Nation on cusp of a crisis
This country is fast approaching crunch time.
Just lend an ear to some of the words being tossed around by the country’s business and political leaders.
Canadian oil is not getting to export markets, creating what is being described as the country’s “biggest challenge” in decades. It has been deemed a “crisis” in Alberta and is causing “concern” in Ottawa, where Finance Minister Jim Flaherty has chosen rather cooler language.
A reversal of the flow of oil is sought as a means to turn around an “apocalyptic” economic situation in New Brunswick and every environmental syllable uttered by Barack Obama is fiercely parsed here for clues to the future of our southern export market.
Something has to give, because there is simply too much at stake.
Canada’s inability to move its most lucrative export at world price, according to a CIBC analysis cited in a new report by the Canadian Chamber of Commerce, cost our economy an estimated $19 billion last year, more than $50 million per day. Another analysis broke it down further, putting the cost to each Canadian at $1,200 per year.
But how to unlock this pipeline gridlock?
First, Ottawa has to convince First Nations and environmentalists that it is paying more than just lip service to their legitimate concerns. It must also convince its potential customers of the same.
Then, and only then, it can move the oil.
But west, south or east?
Here’s some handicapping on how — or if — our resource riches will get to key export markets.
West: It is likely too late to save the largest westward route, the $6.5-billion Enbridge pipeline from the Alberta oilsands to the British Columbia coast. It is opposed by a powerful environmental movement, most of the First Nations in the province, conditionally by the Liberal government of B.C. and unconditionally by New Democrats, who may take power in about eight weeks.
The National Energy Board has until the end of the year to pronounce on the pipeline proposal and Prime Minister Stephen Harper could forge ahead regardless, but the political price would be too high. This proposal appears dead.
South: The future of the Keystone XL pipeline rests with Obama, but an expected pro forma approval has been thrown into question because of the U.S. president’s sudden concern with climate change.
An initial meeting between new Secretary of State John Kerry and his Canadian counterpart, John Baird, appeared somewhat cool, heaping further anxiety into the mix. Last weekend, thousands rallied in Washington to oppose the pipeline.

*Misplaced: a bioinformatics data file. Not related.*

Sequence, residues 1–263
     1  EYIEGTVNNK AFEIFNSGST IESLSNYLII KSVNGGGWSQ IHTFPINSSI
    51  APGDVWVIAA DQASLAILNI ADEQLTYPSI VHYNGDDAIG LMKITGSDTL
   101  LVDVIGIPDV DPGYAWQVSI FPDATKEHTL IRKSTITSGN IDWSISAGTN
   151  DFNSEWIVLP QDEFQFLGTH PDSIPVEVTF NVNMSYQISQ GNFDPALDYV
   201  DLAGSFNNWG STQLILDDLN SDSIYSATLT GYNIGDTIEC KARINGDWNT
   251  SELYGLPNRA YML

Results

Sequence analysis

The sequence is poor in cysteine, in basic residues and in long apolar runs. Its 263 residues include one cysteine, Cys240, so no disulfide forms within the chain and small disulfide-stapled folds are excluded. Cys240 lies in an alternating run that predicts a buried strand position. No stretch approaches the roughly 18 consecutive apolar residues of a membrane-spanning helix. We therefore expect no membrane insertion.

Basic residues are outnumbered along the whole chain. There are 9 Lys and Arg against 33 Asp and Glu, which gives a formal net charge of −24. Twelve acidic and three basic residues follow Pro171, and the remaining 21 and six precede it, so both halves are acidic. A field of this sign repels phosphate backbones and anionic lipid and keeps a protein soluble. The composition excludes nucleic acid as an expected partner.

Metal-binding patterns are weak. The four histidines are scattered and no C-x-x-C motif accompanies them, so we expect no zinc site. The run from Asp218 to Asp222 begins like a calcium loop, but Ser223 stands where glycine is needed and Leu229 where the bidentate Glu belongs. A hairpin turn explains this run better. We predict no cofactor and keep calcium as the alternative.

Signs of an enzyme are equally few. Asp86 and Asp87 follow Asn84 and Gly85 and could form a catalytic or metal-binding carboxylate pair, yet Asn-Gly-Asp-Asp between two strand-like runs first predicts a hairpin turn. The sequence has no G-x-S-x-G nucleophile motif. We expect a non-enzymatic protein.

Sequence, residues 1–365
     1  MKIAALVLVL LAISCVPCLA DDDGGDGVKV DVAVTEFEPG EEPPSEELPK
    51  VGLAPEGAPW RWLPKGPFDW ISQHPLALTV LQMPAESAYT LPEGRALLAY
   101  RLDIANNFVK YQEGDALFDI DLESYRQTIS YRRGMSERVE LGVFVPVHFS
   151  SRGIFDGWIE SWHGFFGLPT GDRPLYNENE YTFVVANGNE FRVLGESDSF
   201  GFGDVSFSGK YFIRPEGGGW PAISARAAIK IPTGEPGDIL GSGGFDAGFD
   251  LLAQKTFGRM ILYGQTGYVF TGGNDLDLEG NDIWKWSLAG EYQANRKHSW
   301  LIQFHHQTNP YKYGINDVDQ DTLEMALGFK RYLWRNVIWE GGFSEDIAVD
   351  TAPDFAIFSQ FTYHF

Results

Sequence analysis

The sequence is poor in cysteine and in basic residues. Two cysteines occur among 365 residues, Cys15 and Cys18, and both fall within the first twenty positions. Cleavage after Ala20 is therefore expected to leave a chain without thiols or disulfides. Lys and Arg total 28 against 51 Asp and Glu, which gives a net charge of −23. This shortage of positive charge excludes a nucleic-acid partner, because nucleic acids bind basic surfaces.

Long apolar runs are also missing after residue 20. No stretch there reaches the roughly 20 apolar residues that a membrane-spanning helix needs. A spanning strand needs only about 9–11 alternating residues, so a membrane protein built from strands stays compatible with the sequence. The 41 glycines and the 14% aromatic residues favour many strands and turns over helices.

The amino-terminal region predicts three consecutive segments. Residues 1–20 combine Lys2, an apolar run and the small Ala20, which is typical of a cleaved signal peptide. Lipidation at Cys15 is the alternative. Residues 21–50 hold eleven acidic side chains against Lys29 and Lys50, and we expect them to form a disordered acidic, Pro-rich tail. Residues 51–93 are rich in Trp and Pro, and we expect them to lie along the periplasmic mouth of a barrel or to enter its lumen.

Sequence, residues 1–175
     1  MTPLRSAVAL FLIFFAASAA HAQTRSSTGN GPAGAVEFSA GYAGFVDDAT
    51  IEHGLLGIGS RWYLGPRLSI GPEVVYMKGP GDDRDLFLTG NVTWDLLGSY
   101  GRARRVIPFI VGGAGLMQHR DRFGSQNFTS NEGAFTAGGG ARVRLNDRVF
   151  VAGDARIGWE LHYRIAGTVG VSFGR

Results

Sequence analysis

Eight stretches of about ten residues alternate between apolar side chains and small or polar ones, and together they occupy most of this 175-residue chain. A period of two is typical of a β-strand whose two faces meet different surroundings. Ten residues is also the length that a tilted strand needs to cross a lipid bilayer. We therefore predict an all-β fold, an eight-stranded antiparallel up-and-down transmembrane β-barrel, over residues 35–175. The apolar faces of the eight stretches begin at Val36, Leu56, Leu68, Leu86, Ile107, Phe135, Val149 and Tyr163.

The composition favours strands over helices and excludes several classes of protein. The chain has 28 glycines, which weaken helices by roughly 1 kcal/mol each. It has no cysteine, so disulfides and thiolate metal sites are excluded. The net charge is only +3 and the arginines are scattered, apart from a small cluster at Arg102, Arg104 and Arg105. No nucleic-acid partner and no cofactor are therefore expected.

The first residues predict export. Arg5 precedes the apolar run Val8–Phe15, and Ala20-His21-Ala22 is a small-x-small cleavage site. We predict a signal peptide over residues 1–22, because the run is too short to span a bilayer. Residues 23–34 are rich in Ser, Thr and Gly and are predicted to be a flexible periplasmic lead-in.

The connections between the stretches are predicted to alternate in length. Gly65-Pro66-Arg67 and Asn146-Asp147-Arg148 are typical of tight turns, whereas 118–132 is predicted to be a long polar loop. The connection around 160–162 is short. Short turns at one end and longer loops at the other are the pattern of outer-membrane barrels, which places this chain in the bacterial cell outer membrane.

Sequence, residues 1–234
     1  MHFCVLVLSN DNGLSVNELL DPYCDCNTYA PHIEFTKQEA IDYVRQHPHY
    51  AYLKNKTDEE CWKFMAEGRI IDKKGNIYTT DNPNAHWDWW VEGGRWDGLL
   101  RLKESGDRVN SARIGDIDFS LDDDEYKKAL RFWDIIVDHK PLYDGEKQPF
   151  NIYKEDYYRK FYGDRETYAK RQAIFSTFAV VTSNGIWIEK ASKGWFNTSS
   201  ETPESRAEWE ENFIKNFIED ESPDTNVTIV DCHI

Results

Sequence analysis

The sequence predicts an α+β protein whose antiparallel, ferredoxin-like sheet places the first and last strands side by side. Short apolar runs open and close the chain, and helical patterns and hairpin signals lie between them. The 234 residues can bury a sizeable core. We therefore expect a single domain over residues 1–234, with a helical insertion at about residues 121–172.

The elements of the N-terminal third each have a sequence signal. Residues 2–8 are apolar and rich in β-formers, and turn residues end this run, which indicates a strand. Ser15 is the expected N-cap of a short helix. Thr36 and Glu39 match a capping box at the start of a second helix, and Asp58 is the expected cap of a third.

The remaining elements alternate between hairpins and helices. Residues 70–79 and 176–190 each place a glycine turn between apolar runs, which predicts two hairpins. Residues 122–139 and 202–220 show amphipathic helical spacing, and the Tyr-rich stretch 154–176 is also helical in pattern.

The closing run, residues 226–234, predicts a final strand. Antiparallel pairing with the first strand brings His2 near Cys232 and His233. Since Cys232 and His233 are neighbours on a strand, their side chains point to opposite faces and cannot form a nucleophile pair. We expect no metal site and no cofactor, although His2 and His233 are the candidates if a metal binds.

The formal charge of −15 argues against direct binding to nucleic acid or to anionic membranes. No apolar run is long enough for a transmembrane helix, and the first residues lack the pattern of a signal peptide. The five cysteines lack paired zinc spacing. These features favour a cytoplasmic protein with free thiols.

Most still expect Keystone to finally get the Obama nod, probably by early summer, couched by the administration as needed energy security and likely as part of a package that includes a number of clean energy initiatives.
But an increase in U.S. supply and the growth of fracking makes Alberta bitumen less crucial, and Ottawa is aware that a preoccupation with a southern market is a losing proposition.
Keystone XL is still important, but it is no solution.
East: It appears time to get bullish on the option of a pipeline from Alberta to Saint John, N.B., where it can head to market.
It has the support of Jim Prentice, a former Conservative cabinet minister and a possible one-day leader of the party. It is backed by Frank McKenna, a former New Brunswick premier and Canadian ambassador to the U.S. and a man who could have been federal Liberal leader. It has the OK of federal Opposition Leader Tom Mulcair, with his usual environmental caveats. It has the support of the federal government.
McKenna says the proposal has near unanimous backing in New Brunswick because his home is “facing unprecedented challenges to our survivability as a province.”
The advantages are clear — it provides a means for Alberta crude to get to an export market, it weans the Maritimes off more expensive imported crude and it creates much-needed jobs in Quebec and New Brunswick, at least 5,700 of them in the immediate term, says McKenna.
The wild card remains Quebec Premier Pauline Marois. She has met with Alberta Premier Alison Redford on the proposal, and Redford says she does not believe Marois would block the pipeline. Marois this week meets with her New Brunswick counterpart, David Alward.
The need to move Alberta oil, in an environmentally responsible manner, is not an Alberta issue. Nor is it a British Columbia issue or a New Brunswick issue, but a Canadian issue that should engage Ontarians as deeply as Albertans.
It is ironic that the final piece of this national puzzle could rest with a sovereigntist premier in Quebec.
Tim Harper is a syndicated Toronto Star national affairs writer. He can be reached at firstname.lastname@example.org.